Hooked on marine reserves
A marine reserve "tour" has converted a 10-year-old girl into a marine reserve advocate.
Megan Corbett said she's convinced of the biodiversity and wonder of a fishing-free zone after joining 37 students from around the country in a snorkelling trip to the Poor Knights Islands marine reserve.
She was the only Taranaki student on the May 23 trip, which she won through her outstanding work over two years. A year 5 student at St Pius in New Plymouth, her interest in marine reserves began with a school project last year.
She and a fellow student created a rock pool using cardboard, sand and polystyrene, as well as researching the creatures inhabiting the pool and noting their adaptations.
Last year she took part in a school trip to Goat Island, the country's oldest marine reserve, and this year there was another school trip to Wellington to stay at Island Bay and visit the Kapiti marine reserve.
Landing this most recent snorkel experience came as a surprise. Her teacher, St Pius deputy principal Pat Swanson, rang her parents and when Megan found out she "ran around the house screaming because I was so excited".
"This year Mr Swanson asked us to think about the way we can help make more marine reserves. At first I didn't understand but now I've had these trips I can understand why we need them."
Her day at the Poor Knights involved snorkelling and kayaking around Maroro Bay in the islands. There were caves to explore including the largest sea cave in the world, Rikoriko, which is renowned for the way light shimmers on the roof of the cave as well as its clear water.
Up next, hopes Megan, is a spot of snorkelling in Spain. Her family is planning to visit Britain and while there she's aiming to do a dive.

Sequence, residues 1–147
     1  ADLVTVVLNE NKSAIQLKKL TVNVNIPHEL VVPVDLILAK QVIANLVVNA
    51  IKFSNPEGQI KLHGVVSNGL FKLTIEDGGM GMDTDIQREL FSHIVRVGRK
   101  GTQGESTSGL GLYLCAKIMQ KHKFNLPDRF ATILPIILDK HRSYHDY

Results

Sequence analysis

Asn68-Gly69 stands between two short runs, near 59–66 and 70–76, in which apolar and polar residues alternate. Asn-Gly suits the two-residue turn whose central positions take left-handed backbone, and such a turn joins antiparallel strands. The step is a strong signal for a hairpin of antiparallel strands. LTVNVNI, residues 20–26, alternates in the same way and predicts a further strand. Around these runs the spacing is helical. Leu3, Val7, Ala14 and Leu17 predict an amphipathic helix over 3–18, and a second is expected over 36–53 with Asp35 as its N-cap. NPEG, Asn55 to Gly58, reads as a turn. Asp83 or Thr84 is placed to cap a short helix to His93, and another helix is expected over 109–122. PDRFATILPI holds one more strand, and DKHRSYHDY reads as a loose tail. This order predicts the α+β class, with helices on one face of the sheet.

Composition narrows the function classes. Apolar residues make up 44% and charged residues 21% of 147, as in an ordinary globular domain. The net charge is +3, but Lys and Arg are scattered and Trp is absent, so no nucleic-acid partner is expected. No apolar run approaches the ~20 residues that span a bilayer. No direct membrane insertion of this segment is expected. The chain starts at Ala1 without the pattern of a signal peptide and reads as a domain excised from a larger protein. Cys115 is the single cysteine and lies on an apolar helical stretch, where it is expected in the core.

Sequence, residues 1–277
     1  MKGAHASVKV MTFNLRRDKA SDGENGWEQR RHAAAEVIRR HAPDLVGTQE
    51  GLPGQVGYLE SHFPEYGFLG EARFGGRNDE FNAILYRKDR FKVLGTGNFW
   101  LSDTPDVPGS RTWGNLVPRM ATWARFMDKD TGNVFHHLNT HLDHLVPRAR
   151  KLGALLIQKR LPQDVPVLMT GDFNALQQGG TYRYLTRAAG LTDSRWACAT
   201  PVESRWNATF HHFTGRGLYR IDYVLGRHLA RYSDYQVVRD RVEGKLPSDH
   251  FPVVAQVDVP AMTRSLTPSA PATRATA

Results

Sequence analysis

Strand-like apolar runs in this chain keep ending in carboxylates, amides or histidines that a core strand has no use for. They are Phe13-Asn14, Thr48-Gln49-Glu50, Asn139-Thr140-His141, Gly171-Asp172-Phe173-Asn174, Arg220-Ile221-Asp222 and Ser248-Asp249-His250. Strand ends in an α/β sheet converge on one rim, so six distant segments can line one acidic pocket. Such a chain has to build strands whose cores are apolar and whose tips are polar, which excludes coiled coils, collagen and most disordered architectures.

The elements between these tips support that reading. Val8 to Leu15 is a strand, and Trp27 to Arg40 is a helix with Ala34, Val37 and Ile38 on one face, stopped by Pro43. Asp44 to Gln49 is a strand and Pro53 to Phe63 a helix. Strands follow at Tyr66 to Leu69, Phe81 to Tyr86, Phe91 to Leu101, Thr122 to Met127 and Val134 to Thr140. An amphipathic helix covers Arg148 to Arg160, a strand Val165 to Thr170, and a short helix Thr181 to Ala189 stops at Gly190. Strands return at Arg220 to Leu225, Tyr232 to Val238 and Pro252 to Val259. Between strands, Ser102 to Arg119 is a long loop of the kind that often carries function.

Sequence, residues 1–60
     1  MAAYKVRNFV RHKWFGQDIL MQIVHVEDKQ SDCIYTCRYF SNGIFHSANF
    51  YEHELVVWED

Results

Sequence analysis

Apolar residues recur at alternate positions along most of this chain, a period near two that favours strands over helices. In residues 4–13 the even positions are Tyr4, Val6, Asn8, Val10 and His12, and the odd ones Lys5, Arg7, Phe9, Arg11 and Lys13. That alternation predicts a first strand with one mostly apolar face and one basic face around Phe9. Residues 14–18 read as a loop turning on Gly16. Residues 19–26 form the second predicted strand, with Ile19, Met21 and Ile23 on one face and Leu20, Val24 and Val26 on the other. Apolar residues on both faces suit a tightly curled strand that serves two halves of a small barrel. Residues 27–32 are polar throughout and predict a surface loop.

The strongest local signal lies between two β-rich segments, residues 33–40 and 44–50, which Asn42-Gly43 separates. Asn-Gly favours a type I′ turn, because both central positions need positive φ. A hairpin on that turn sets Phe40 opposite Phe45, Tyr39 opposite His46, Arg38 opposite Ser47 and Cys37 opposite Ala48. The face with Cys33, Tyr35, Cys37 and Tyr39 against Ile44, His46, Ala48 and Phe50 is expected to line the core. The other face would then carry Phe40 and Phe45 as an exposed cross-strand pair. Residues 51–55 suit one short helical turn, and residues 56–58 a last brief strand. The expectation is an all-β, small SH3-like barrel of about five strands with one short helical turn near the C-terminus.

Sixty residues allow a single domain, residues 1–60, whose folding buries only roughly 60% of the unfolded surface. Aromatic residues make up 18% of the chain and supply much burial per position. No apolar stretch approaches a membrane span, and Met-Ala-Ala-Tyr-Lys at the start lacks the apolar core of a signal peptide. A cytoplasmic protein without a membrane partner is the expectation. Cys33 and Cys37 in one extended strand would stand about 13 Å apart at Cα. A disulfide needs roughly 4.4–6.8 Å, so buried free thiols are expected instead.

"As it's hot there I would like to see some tropical fish, whereas here it's cold so we don't have as many."
St Pius was one of four Taranaki schools taking part in the Experiencing Marine Reserves programme, with the others being Mimi, Ahititi and Manukorihi Intermediate.
In Taranaki the EMR programme is run by The Nga Motu Marine Reserve Society, the Conservation Department, and the teachers involved.
Funding from DOC, The Tindall Foundation and Origin Energy allowed the schools to study their local marine environment, learn about marine biodiversity and learn to snorkel and dive as a class in a marine reserve.
Three Taranaki classes travelled to Goat Island this year while St Pius had its Wellington trip in February.
Mr Swanson said giving children outdoor classroom experiences helps them value marine reserves so they "ultimately become advocates and be involved in helping to look after them".
There are other trade-offs from the programme, including getting children from a range of academic abilities engaged in learning, he said.